According to the researcher, the private information of Instagram users was just a DM away.
A Nepal-based IT security researcher Saugat Pokharel identified a Facebook bug that exposed the private data of Instagram users, including their email addresses and birthdays. Ironically, the service promises users that such information won’t be disclosed to the public at the time of registration.
According to Pokharel who was participating in the Facebook bug bounty program, the bug made it easy for an attacker to get such private information from Instagram users. However, it is worth noting that the bug existed in Facebook’s Business Suite tool available for Facebook business accounts and offered access to a feature that the company was testing.
The experimental feature aimed to link a Facebook account to Instagram so that the suite displayed more information about the person and a DM (direct message) option, such as their birthdate and personal email address.
The attack worked on accounts that were set as private and didn’t receive DM messages from the public. Such accounts could not receive a notification if their profile were viewed.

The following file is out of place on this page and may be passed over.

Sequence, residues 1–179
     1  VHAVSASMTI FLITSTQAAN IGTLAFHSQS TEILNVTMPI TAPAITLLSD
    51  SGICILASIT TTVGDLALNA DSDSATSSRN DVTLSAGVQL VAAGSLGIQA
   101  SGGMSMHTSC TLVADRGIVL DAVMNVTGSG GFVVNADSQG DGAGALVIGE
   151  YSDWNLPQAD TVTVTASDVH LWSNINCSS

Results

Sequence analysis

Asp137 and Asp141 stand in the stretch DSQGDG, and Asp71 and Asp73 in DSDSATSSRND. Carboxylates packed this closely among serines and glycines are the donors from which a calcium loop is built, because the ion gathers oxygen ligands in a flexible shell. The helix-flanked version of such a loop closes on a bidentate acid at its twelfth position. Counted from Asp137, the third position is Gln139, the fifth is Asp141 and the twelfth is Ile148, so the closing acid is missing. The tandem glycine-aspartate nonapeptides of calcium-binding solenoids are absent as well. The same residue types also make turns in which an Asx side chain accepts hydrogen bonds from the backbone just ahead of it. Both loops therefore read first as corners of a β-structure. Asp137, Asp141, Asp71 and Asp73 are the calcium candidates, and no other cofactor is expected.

A Facebook spokesperson revealed in an official statement to The Verge that the bug was active for a short while during an experiment conducted in October.
“A researcher reported an issue where, if someone was a part of a small test we ran in October for business accounts, personal information of the person they were messaging could have been revealed. This issue was resolved quickly, and we discovered no evidence of abuse. Through our Bug Bounty Program, we rewarded this researcher for his help in reporting this issue to us”.
After the bug was fixed, Facebook allowed the researcher to disclose its details. According to Pokharel’s tweet, he is working on a write-up detailing the issue.
This however is not the first time when Pokharel reported critical bugs in Facebook-owned Instagram. Back in August, the researcher reported that Instagram kept deleted messages and pictures of users on its servers for more than a year. The company claimed that the reported content retained due to a bug.